Child health nurses often feel they’re ill equipped to challenge structural racism, a new Flinders University study has found.
The findings, published in the Journal of Advanced Nursing, suggests there is an urgent need for the introduction of anti-discriminatory education and training in the nursing workforce.
Lead researcher Associate Professor Julian Grant, from Flinders University’s College of Nursing and Health Sciences, says child health nurses are often the ones identifying racism or potential racism in service delivery but are often not given the education and training needed to help them counter racism in practice.
Associate Professor Grant says the study of 31 child health nurses across five groups in South Australia focused on how child health nurses understood and made sense of racism and how they worked with racism in their everyday practice with Aboriginal peoples, migrants and refugees.
“For example, some felt that their actual practice was racist because they were not supported by the organisation to support families with culturally appropriate practices such as co-sleeping. They felt that this made their practice racist by not being able to support parent/family choices.
“We also found that there was a lot of misunderstanding about what racism actually was,” she says.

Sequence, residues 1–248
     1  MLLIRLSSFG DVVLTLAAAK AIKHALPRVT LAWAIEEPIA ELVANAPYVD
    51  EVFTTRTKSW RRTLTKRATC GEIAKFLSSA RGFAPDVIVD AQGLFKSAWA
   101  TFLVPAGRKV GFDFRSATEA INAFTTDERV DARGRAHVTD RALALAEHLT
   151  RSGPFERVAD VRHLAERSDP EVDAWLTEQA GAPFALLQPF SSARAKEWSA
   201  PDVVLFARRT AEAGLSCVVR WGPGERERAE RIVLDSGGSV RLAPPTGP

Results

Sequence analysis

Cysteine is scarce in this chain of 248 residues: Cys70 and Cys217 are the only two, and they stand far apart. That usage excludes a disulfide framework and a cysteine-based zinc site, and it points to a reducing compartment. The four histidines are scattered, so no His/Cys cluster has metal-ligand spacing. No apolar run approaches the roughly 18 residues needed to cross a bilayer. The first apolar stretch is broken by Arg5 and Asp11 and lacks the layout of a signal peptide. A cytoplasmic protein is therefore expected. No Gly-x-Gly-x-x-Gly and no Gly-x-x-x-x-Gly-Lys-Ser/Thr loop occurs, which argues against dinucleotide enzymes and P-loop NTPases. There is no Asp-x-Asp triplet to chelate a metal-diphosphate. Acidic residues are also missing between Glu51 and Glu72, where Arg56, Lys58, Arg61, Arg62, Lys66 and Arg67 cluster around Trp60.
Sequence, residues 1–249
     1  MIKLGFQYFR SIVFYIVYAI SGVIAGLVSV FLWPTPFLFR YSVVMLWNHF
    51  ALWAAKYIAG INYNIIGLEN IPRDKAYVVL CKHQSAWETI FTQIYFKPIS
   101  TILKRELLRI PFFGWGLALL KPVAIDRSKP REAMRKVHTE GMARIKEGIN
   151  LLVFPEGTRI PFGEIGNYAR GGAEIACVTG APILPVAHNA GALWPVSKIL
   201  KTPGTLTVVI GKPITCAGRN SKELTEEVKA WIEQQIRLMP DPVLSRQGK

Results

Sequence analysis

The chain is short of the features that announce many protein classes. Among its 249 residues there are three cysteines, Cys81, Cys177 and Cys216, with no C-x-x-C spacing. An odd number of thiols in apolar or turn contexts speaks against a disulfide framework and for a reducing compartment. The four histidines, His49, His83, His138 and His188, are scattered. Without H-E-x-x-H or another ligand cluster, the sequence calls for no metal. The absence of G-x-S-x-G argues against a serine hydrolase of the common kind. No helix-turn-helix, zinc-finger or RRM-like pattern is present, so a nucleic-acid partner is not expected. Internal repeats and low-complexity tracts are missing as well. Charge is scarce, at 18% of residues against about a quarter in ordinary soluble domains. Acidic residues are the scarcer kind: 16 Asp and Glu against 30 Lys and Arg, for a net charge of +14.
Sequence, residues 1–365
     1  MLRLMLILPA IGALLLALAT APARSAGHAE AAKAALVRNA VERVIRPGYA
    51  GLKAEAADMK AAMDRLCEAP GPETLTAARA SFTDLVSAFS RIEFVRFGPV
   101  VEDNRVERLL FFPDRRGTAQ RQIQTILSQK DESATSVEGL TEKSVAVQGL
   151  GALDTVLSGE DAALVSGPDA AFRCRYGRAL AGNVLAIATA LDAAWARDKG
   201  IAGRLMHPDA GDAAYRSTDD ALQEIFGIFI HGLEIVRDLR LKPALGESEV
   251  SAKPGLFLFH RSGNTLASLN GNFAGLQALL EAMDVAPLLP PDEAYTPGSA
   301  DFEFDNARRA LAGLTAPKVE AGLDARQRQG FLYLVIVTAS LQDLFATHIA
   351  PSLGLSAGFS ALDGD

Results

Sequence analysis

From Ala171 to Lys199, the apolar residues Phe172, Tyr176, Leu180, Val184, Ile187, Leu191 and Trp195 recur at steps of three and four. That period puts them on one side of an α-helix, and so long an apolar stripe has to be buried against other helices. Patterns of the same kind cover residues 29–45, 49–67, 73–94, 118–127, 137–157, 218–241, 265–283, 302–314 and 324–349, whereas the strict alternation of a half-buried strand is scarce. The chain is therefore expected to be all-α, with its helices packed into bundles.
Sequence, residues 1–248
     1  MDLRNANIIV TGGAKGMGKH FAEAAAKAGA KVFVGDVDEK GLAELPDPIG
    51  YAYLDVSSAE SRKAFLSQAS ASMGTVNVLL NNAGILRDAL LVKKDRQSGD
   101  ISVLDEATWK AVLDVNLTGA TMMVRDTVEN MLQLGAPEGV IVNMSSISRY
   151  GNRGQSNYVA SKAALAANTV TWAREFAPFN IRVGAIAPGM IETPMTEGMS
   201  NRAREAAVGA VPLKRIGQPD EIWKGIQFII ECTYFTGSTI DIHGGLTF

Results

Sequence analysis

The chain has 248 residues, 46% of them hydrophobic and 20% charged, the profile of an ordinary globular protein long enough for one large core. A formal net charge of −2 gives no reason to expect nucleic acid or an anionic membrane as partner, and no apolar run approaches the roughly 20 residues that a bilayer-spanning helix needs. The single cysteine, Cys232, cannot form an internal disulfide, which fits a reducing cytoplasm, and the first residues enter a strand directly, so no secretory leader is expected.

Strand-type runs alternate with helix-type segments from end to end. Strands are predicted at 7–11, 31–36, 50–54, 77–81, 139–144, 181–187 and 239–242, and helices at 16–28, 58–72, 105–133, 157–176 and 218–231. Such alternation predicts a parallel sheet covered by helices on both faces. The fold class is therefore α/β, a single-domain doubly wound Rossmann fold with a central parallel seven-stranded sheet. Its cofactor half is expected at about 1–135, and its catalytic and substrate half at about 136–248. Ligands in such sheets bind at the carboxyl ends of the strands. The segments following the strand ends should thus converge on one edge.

“Many child health nurses did not recognise that their personal beliefs and values directly impacted on the care they provided for families.
“They are all hard working child health nurses who are doing the best with the knowledge they have.
“The main issue is that they (and most other health professionals) need education and tangible strategies to counter racism in practice,” Associate Professor Grant says.
Child health nurses are community child health nurses who in SA mostly work for the Child and Family Health Service (CaFHS).
There has been little research to explore health professionals’ understanding of racism in healthcare, and how they manage it in practice. This study explored how nurses make sense of racism in practice and contribute to ensuring that children from diverse racial and ethnic backgrounds do not accumulate further disadvantage in their lives through culturally unsafe healthcare practice.
The five focus group discussions with 31 maternal, child, and family health nurses working across metropolitan South Australia involved clinicians representing the core professional group working with infants and families in the first years of life.
“Child health nurses work extremely hard to partner with the families with whom they work, but their practice is sometimes compromised because the frameworks used in their primary education is outdated. These results show that we urgently need interactive and sustained anti-racist education in pre-service, graduate, and workplace education,” Associate Professor Grant says.
“Most importantly we need further research to find out what anti-racist approaches work best for Australian children and families.”
(Source: Flinders University, Journal of Advanced Nursing)